The Hill's Morning Report - Trump under pressure to jettison Labor secretary




Welcome to The Hill’s Morning Report. Happy Wednesday! Our newsletter gets you up to speed on the most important developments in politics and policy, plus trends to watch. Co-creators are Alexis Simendinger and Al Weaver (CLICK HERE to subscribe!). On Twitter, find us at @asimendinger and @alweaver22.

The phrases “sex offender,” “underage girls” and “lenient prosecution” in news coverage involving President TrumpDonald John Trump Trump responds to calls to tear down monuments with creation of 'National Garden' of statues Trump: Children are taught in school to 'hate their own country' Trump accuses those tearing down statues of wanting to 'overthrow the American Revolution' MORE’s former friend Jeffrey Epstein and his labor secretary, former Miami prosecutor Alexander AcostaAlex Alexander AcostaAppeals court finds prosecutors' secret plea agreement with Epstein didn't break law Florida sheriff ends work release program criticized over Jeffery Epstein The Hill's Morning Report — Presented by National Association of Manufacturers — Whistleblower complaint roils Washington MORE, sparked the kind of Washington damage control on Tuesday that often leads to a resignation heading into an election year.


Senate Democrats stampeded to microphones to urge the president to fire Acosta or ask him to step down after a Miami Herald investigation and evidence gathered by federal prosecutors in New York resulted in Epstein’s arrest this week. Events stirred a national uproar about how a multimillionaire cut a lenient plea deal with Acosta a decade ago in a case involving the molestation of dozens of teenage girls, some as young as 14.


Epstein pleaded not guilty this week to any new criminal activity and remains in custody. Acosta defended his 2008 decisions as U.S. attorney in Miami and tweeted that Epstein’s crimes “are horrific.” And Trump hastened to say he has had no contact with Epstein in more than a decade. Acosta, he said, is “a very good secretary of labor,” but he added that the White House is “looking at it [his role in the Epstein case] very closely.”


Trump told reporters he knew Epstein, a well-connected hedge fund manager, “like everybody in Palm Beach knew him. He was a fixture in Palm Beach. I had a falling out with him a long time ago. I don’t think I’ve spoken to him for 15 years. I wasn’t a fan,” he said.


Trump offered a different assessment in 2002, telling New York magazine, “I’ve known Jeff for fifteen years. Terrific guy. He’s a lot of fun to be with. It is even said that he likes beautiful women as much as I do, and many of them are on the younger side. No doubt about it – Jeffrey enjoys his social life.”


From 2001 to 2005, Epstein allegedly molested young girls he paid and procured through others — sometimes three in a day — according to evidence gathered by police, who at the time sought help from the FBI.


Under the Florida deal Epstein and his lawyers negotiated with Acosta to avoid federal prosecution, the financier pleaded guilty to state prostitution-related charges and was allowed to go to his office during the day while he served 13 months of an 18-month jail sentence. He also registered as a sex offender and agreed to pay millions of dollars in restitution to dozens of his victims.


Democratic lawmakers, including Speaker Nancy PelosiNancy PelosiOn The Money: Breaking down the June jobs report | The biggest threats facing the recovery | What will the next stimulus bill include? Military bases should not be renamed, we must move forward in the spirit of reconciliation Pelosi: Trump 'himself is a hoax' MORE (D-Calif.) and Senate Minority Leader Charles SchumerChuck SchumerPublic awareness campaigns will protect the public during COVID-19 Republicans fear backlash over Trump's threatened veto on Confederate names Overnight Defense: House panel votes to ban Confederate flag on all Pentagon property | DOD report says Russia working to speed US withdrawal from Afghanistan | 'Gang of Eight' to get briefing on bounties Thursday MORE (D-N.Y.) on Tuesday urged Trump and GOP lawmakers to seek Acosta’s resignation.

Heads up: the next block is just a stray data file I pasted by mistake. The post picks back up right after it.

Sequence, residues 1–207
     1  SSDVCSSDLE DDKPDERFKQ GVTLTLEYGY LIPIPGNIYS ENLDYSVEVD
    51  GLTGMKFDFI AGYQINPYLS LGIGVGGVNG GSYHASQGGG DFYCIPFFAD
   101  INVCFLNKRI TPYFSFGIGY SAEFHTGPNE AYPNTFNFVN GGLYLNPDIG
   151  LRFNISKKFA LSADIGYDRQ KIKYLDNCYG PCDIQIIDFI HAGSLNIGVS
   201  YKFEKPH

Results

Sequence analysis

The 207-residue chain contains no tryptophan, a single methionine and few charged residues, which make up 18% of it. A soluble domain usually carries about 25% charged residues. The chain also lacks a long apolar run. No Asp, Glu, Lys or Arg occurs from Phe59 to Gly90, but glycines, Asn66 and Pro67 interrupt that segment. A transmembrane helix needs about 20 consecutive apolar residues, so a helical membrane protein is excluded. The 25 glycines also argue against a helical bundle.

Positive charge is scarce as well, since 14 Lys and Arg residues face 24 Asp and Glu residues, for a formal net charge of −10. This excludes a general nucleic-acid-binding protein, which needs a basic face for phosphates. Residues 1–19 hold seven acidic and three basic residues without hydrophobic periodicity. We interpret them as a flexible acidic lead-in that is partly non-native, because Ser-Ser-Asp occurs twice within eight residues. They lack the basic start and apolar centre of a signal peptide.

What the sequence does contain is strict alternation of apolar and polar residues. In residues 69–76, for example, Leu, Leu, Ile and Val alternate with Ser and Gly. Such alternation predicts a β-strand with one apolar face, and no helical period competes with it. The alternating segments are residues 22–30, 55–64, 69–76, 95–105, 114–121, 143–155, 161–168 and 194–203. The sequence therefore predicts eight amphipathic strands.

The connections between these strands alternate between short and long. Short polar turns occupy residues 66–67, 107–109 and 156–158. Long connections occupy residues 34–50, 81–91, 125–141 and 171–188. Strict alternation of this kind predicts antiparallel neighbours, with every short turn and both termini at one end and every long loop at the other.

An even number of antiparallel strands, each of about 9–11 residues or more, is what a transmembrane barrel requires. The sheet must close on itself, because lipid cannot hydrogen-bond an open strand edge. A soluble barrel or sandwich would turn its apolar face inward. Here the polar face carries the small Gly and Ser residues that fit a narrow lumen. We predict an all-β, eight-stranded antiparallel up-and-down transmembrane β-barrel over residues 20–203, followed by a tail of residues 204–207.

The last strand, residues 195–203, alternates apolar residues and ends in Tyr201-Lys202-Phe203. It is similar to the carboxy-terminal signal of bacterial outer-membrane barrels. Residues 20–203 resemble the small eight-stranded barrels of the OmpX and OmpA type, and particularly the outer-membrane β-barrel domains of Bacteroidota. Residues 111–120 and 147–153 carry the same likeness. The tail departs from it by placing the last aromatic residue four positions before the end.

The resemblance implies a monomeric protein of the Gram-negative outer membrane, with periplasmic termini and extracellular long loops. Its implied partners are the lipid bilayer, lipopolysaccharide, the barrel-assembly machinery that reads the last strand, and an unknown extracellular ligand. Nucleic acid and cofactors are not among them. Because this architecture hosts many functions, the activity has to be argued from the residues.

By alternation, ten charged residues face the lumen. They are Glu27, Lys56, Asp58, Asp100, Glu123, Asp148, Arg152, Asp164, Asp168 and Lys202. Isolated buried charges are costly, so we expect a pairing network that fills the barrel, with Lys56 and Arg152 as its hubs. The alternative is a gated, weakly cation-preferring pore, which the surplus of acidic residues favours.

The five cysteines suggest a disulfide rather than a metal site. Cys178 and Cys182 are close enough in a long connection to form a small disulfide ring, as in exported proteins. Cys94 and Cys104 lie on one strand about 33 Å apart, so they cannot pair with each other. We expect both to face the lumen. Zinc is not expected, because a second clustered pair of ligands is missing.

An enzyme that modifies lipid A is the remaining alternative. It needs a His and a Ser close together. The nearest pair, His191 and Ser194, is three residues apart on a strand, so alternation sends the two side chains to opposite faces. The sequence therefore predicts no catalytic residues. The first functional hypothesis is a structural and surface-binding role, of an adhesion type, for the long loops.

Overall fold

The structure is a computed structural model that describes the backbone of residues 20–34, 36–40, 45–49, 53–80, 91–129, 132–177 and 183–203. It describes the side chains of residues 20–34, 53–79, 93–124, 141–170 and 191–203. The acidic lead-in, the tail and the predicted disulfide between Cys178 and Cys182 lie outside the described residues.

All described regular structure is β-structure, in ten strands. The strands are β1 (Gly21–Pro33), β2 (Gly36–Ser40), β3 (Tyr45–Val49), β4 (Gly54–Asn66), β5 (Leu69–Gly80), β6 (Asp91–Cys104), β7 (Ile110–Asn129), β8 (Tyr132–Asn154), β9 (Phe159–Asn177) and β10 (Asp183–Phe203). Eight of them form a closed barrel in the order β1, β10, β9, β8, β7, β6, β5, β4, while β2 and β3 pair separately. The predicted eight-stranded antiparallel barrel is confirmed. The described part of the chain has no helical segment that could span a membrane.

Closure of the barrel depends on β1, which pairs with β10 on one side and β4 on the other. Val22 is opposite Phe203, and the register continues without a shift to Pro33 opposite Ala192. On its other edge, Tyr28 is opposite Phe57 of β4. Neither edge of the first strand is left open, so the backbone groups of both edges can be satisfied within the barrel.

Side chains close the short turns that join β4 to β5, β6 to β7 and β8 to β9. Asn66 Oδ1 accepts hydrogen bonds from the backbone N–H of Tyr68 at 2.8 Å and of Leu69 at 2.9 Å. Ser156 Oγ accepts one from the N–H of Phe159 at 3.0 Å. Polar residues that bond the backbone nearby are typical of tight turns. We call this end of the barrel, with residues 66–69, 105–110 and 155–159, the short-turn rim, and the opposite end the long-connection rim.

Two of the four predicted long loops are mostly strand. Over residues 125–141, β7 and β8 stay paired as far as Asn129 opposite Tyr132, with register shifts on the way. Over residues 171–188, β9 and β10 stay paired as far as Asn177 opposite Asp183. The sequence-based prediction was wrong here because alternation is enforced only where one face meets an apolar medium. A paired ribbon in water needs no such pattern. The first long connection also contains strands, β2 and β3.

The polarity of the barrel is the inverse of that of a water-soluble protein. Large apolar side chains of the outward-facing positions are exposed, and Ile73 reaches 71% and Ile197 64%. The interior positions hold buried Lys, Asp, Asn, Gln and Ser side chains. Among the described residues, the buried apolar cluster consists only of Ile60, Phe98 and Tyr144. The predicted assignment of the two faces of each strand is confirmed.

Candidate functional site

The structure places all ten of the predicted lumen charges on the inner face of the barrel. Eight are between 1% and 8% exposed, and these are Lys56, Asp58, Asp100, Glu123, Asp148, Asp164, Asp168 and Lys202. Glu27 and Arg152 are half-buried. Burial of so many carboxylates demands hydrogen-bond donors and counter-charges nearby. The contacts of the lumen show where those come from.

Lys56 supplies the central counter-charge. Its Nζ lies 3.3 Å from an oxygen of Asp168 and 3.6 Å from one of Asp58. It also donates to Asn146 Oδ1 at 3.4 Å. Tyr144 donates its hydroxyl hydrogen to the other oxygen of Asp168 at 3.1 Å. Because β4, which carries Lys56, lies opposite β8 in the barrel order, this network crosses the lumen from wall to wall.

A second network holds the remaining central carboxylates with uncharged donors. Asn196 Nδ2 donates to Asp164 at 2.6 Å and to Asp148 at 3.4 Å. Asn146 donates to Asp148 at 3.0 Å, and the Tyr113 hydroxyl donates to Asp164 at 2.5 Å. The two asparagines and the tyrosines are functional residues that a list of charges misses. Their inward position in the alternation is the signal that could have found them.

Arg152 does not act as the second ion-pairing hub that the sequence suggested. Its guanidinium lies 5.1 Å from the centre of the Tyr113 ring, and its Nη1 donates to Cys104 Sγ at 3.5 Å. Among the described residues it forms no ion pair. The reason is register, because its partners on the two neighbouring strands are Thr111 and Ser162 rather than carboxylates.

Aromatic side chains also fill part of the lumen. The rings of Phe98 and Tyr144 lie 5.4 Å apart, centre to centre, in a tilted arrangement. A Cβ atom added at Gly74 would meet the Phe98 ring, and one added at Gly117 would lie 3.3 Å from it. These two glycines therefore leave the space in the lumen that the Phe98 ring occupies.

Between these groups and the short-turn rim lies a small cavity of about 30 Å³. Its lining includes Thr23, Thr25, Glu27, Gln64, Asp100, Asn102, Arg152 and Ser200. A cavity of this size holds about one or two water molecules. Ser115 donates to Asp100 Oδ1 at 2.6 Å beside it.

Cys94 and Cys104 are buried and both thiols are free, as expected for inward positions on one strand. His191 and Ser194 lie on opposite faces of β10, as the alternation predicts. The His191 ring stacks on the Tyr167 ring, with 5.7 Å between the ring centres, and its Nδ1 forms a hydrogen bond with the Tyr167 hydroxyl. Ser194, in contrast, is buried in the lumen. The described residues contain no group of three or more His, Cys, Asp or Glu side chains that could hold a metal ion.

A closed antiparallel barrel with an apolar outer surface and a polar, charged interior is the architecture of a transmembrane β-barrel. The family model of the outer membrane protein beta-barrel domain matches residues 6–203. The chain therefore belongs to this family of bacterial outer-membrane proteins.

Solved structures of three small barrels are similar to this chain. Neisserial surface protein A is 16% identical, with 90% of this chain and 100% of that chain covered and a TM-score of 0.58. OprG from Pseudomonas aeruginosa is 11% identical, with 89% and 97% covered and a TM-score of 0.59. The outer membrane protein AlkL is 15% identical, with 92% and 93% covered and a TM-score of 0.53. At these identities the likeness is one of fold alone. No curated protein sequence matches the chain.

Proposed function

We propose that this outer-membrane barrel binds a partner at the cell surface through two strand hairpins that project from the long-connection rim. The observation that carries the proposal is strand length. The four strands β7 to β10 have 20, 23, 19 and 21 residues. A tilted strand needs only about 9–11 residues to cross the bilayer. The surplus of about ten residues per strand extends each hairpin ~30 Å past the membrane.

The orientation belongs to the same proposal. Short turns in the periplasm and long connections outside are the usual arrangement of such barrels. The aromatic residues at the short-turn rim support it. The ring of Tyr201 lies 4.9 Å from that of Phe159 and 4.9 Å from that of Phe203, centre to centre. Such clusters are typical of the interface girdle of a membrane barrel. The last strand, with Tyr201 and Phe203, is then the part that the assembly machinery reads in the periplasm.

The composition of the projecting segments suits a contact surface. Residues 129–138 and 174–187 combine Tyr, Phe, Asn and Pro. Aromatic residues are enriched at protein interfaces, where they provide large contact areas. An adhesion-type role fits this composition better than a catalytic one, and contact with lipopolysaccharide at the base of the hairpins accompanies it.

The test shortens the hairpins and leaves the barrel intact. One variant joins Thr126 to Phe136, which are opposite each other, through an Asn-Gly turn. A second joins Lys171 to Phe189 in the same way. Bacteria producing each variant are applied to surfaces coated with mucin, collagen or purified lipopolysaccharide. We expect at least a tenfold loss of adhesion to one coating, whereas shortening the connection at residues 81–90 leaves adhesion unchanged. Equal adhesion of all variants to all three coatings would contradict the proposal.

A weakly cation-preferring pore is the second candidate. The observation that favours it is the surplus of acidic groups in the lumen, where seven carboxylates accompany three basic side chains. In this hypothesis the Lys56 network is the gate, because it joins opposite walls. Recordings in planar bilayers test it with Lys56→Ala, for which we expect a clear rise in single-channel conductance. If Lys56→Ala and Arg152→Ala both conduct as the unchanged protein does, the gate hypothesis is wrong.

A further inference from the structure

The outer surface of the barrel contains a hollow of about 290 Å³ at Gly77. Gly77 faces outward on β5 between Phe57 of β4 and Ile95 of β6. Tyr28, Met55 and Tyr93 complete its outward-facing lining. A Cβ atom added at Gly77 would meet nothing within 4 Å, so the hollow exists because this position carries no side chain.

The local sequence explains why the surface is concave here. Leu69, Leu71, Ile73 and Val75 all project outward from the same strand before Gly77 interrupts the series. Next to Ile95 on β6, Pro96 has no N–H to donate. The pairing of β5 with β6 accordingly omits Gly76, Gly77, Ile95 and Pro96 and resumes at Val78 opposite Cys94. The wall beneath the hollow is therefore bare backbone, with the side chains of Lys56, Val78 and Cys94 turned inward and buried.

Republicans, eager to avoid a public rift with the president, tiptoed carefully around the labor secretary, who appears to be on shaky ground. Senate Majority Leader Mitch McConnellAddison (Mitch) Mitchell McConnellPublic awareness campaigns will protect the public during COVID-19 Democrats: A moment in history, use it wisely 'Comrade' Trump gets 'endorsement' from Putin in new mock ad by Lincoln Project MORE (R-Ky.) said he would “defer to the president” on Acosta’s continued service, calling Epstein’s crimes “horrendous” (The Hill).


Senate Judiciary Committee Chairman Lindsey GrahamLindsey Olin GrahamHillicon Valley: Senate panel advances bill targeting online child sexual abuse | Trump administration awards tech group contract to build 'virtual' wall | Advocacy groups urge Congress to ban facial recognition technologies Senate panel advances bill targeting online child sexual abuse The Hill's Campaign Report: The political heavyweights in Tuesday's primary fights MORE (R-S.C.) said he is “open” to holding a hearing to examine the details of the financier’s non-prosecution agreement (The Hill).


“If this plea deal doesn’t withstand scrutiny, then it would be the job of the Judiciary Committee to find out how it got off the rails. What kind of checks and balances do we have to make sure that complaints involving minor children are adequately investigated?” Graham said.


Prosecutors in Manhattan who brought new charges of sex trafficking and conspiracy against Epstein are arguing that the 2008 deal reached in Florida does not apply to this week’s federal indictment. 


The Daily” podcast, The New York Times: United States v. Jeffrey Epstein.